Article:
Heroin Addiction Treatment Centers
A heroin treatment center seeks to helppersons struggling with a heroin addiction start a drug-free life. While treatment normally begins with the heroin detoxification process, the approach is more comprehensive. It is a mixture of therapy, relapse prevention, and group therapy used to try and help the struggling individual overcome their problem.
Those who follow through with treatment and complete their individualized heroin treatment program tend to do well and have a chance to reach lasting recovery from their addiction to heroin. Many may struggle with some point in the treatment process, however, and end up relapsing back into the cycle of heroin addiction. Therefore, it is important that their treatment is managed by experienced addiction specialists with the help and support from loved ones.
Detox and Heroin Addiction Treatment Centers
In order for heroin abuse treatment to be effective, it must be planned and supervised by professionals. To match heroin treatment to you or your loved one’s needs, specialists will gather information to analyze the situation and make arrangements for the first step: the detoxification stage.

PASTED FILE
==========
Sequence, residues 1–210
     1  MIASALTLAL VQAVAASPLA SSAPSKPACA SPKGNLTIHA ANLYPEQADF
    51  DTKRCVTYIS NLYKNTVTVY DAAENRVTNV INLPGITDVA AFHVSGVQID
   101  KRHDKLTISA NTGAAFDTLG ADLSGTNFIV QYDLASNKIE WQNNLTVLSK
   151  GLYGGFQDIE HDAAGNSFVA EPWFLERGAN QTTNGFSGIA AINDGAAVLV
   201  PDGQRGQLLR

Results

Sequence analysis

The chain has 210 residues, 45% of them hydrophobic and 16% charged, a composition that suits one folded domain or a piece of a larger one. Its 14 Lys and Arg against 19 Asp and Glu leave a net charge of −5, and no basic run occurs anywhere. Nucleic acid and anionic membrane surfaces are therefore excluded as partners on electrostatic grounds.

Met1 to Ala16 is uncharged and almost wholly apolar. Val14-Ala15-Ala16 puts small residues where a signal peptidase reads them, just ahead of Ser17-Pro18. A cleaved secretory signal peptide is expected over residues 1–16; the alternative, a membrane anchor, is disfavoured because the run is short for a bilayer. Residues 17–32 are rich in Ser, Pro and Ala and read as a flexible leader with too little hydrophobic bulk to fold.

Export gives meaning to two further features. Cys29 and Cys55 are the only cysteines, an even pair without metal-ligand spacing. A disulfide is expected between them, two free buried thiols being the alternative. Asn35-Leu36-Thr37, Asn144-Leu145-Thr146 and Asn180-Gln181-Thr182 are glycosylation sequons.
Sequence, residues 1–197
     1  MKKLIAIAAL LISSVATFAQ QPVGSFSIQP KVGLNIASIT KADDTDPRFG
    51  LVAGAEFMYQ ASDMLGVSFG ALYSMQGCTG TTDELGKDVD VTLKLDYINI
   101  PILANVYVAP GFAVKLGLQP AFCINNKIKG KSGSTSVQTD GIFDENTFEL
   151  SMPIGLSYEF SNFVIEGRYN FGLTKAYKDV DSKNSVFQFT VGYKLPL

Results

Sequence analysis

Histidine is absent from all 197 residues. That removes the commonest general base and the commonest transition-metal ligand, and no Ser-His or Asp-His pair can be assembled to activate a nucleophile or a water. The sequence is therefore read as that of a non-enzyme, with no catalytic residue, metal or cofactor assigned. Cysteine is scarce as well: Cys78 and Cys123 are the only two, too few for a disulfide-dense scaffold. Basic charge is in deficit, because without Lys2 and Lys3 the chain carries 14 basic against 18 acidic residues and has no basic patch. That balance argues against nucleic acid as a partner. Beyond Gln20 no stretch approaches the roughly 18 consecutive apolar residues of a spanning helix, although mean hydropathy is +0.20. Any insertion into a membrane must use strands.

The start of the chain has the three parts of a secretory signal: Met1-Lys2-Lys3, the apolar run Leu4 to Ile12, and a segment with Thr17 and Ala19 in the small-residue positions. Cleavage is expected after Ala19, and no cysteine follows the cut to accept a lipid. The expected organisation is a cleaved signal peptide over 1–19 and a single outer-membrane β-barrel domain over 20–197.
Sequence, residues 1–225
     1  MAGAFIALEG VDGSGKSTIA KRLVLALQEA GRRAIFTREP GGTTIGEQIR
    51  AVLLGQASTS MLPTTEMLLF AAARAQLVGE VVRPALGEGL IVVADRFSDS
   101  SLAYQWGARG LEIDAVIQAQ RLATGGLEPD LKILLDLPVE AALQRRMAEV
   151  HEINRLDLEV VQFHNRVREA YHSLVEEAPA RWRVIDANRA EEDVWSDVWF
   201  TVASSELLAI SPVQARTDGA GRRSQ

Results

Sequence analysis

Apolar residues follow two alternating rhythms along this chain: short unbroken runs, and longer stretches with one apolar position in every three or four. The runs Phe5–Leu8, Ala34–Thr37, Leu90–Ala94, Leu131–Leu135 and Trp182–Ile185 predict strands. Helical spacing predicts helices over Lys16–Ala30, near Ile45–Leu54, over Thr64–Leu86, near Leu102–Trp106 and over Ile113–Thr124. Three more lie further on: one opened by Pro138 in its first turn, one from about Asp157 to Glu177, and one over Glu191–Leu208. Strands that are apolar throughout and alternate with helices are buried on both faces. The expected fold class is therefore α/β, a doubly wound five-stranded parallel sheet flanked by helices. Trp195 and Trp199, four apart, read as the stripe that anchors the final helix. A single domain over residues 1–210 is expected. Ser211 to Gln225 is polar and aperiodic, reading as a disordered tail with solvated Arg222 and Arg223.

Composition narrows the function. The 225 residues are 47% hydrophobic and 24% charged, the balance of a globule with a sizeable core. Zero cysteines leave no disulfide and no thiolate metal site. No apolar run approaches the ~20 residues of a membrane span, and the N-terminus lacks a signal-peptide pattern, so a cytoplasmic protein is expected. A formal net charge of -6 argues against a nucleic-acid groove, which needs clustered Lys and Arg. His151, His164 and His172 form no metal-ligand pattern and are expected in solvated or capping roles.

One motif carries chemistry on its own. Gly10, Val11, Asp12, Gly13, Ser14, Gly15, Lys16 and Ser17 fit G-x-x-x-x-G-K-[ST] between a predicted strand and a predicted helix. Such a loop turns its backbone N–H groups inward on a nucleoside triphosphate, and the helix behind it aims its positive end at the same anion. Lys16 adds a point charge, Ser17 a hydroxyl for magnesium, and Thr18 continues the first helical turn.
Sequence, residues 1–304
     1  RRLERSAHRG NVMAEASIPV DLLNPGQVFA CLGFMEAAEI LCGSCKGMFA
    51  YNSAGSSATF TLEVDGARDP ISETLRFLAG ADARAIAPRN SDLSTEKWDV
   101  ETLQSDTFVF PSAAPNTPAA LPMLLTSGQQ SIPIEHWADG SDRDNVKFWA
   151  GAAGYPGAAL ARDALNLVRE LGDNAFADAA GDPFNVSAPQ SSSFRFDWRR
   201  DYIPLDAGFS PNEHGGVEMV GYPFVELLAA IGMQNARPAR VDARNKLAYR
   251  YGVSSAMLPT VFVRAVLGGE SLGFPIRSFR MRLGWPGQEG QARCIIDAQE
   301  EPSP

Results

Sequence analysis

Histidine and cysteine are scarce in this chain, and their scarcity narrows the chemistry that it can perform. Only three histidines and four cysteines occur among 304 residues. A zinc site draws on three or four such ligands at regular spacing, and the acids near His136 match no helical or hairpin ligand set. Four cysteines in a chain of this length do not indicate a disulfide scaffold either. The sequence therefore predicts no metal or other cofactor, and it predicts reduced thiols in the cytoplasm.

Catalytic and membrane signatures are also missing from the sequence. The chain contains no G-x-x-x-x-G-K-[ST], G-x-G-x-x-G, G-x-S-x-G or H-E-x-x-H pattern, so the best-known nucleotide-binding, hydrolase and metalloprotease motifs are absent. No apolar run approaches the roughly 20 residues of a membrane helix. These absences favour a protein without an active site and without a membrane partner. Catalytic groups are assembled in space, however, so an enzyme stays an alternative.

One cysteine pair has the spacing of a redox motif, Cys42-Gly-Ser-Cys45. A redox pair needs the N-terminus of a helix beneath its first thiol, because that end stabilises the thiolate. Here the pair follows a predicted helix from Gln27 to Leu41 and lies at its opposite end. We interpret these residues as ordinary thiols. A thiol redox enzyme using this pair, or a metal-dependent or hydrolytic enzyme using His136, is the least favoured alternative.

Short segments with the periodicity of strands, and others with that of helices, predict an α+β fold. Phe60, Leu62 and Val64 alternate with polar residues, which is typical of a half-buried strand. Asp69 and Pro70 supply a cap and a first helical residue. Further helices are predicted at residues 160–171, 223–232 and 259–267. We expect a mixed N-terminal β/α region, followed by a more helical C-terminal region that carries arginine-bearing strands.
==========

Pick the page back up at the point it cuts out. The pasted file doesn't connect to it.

Namely, heroin treatment starts with the heroin detoxification process. Before real recovery can begin, the individual must be free from all mood and mind-altering substances. This includes heroin. Most people realize the difficulty in detoxing from heroin, because heroin withdrawal symptoms are notoriously uncomfortable. Most persons struggling with addiction need help with this part of the process.
Many will turn to a specialized facility for help during this stage. In such a setting, medical staff may help the person make it through withdrawal by giving them certain medications. In most cases, a synthetic opiate drug is used as a maintenance drug. The person will first be stabilized with recommended dosages of either methadone or buprenorphine for the entire course of the treatment and often into recovery, following discharge. This strategy helps minimize discomfort so the person can proceed to the next stage.
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Following the detoxification stage, most heroin treatment centers have a segment of treatment that they refer to as “residential.” This is where the person will start attending groups, lectures, and meetings to learn more about their addiction and about the process of recovery. Now that the treatment seeker is fully detoxed from the physical standpoint and their withdrawal is under control, the challenge is to maintain their newfound sobriety and avoid relapse.